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a default, it is not something asked for granted or given. the question is whether any extension, the extension that boris says he won‘t ask for, will be given if he asked for it had to ask for it because he was forced by parliament. in that case the air you will need to see something concrete. it will need to see something like a referendum, an election, serious happening in the talks that shall barnier can point to and say something is possibly moving here —— michel barnier. what is worth remembering asjean—claude juncker, a very savvy politician. if there is something that is sort of agreed or sort of a fudge, he is good at windowdressing. if itjust needs cosmetic changes to make it work, he will be happy to help boris do that rather than crush us without a deal. but, you know, it will be michel barnier saying the words are not enough, we need to see something concrete. ok, look forward to seeing what they will say once they leave the meeting today. jennifer baker, thank you very much. interesting insight. we heard from adam about
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the menu in luxembourg. on the lunch today it was salmon, snails and cheese. let us know what you think about that. matt‘s in holland park in london. there are some rather beautiful... you can tell us what they are. i don‘t really know... i can see koi carpet. and some birds. good morning. —— carp. there are some hens. we are in holland park. a really beautiful surround, lovely garden. just the perfect place for a bit of relaxation, contemplation and a bit of calm on your monday morning. holland park is in the west of london. kyoto garden was a
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gift to the people of great britain, built in 1991. with a waterfall behind me, it is a lovely sense of karma this morning. let me see if i can keep the calm going with the forecast. looking at the details, a bit cloudy. temperatures a few degrees above freezing. a few showers coming and going throughout the day. the cloud we have across england, the —— wales. patchy rain and drizzle will work its way through southern counties. northern england continues to see sunshine throughout as does eastern parts of scotland. the far north will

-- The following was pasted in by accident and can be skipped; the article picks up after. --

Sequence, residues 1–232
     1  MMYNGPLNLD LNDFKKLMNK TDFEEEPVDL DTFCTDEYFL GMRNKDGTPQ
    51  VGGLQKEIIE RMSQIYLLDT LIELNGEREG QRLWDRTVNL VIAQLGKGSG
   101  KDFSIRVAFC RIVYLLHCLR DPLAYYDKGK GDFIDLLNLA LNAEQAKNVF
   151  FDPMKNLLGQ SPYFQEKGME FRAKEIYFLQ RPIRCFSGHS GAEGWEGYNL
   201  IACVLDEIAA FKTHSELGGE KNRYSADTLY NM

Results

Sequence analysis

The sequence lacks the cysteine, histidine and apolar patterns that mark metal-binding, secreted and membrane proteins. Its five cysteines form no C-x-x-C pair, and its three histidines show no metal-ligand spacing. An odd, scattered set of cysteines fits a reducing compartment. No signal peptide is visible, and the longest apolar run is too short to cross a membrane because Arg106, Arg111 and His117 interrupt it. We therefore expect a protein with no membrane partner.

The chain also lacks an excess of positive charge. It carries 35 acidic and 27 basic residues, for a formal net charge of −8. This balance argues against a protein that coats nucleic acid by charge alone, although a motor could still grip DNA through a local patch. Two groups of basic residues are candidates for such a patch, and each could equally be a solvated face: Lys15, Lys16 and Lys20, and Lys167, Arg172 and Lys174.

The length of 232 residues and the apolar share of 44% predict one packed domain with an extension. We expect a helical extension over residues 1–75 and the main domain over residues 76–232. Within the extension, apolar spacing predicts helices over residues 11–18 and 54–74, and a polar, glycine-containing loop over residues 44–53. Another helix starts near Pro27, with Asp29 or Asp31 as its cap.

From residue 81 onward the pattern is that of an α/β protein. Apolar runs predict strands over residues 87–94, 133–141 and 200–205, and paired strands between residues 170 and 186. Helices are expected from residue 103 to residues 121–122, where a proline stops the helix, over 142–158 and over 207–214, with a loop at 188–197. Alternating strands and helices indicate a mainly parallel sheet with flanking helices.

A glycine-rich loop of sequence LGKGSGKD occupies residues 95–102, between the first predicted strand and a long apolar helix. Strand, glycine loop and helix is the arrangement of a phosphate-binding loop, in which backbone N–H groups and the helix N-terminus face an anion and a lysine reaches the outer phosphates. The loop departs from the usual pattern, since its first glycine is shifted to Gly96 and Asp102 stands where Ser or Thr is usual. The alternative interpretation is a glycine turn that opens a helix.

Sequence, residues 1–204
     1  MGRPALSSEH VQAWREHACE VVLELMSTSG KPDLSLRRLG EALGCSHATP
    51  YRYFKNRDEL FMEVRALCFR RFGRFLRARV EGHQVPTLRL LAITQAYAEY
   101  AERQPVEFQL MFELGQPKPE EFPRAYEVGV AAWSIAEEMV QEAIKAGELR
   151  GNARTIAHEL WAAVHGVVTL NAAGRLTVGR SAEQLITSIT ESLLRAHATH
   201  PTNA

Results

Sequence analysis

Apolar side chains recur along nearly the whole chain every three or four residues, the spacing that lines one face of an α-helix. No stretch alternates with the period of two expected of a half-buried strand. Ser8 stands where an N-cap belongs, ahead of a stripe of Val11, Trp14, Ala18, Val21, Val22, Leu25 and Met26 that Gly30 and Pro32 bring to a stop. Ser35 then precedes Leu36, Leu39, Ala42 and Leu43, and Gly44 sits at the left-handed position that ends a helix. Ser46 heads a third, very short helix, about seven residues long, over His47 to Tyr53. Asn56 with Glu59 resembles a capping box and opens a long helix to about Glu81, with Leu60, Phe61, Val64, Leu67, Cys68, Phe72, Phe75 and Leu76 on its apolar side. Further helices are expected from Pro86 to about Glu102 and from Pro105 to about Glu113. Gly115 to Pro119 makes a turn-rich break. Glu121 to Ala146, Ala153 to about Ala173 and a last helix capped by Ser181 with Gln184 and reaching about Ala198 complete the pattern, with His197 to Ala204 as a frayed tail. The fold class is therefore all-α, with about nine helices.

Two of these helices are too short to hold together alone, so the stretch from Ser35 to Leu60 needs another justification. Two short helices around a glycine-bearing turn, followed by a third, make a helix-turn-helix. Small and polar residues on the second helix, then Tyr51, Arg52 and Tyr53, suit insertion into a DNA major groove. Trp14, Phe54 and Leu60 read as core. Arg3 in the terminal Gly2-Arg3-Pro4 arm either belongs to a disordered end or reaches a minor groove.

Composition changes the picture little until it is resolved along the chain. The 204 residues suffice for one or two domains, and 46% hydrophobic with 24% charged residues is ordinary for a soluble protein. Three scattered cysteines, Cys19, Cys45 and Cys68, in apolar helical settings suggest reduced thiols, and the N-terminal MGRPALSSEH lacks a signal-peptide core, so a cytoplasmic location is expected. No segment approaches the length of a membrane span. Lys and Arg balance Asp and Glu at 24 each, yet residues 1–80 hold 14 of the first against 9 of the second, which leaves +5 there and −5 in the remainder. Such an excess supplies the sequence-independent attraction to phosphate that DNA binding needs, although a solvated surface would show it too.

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continue to see showers go through ona continue to see showers go through on a stiff breeze. the breeze nowhere near as strong on a stiff breeze. the breeze nowhere near 3s strong 3s on a stiff breeze. the breeze nowhere near as strong as it was. temperatures could just hit low 20s across some southern parts of england. into this evening and overnight, the cloud will become confined to the child —— channel islands. it will be a colder night more widely. a chilly start to tuesday but will be a lovely bright sunny one for the vast majority. any patchy mist and fog will clear. a bit more cloud into western scotland and northern ireland later and for the western isles, some rain to enter the afternoon. temperatures 15-20 enter the afternoon. temperatures 15—20 one quarter similar temperatures on wednesday. more cloud across scotland and a greater chance of seeing rain or drizzle at times. some will stay completely dry. northern ireland, england and wales, another dry day.
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esther the sunshine on wednesday will be southernmost areas. — make the sunshine. we will see the temperatures rise as we go through the rest of the week. —— the sunshine. clearer conditions on saturday. and ringing in something a bit more humid and temperatures into the mid— 20s more widely. thank you for being with us today. around 700,000 students will be starting their first year of university in the next couple of weeks. for most of them it‘s the beginning of a great adventure. but the former health minister, sir norman lamb, is warning that some students‘ lives are being put at risk because universities are not spending enough on mental health. he‘s now calling for a minimum standard to be enforced by law. let‘s talk to two people who can tell us more about this issue. megan campbell struggled with depression while studying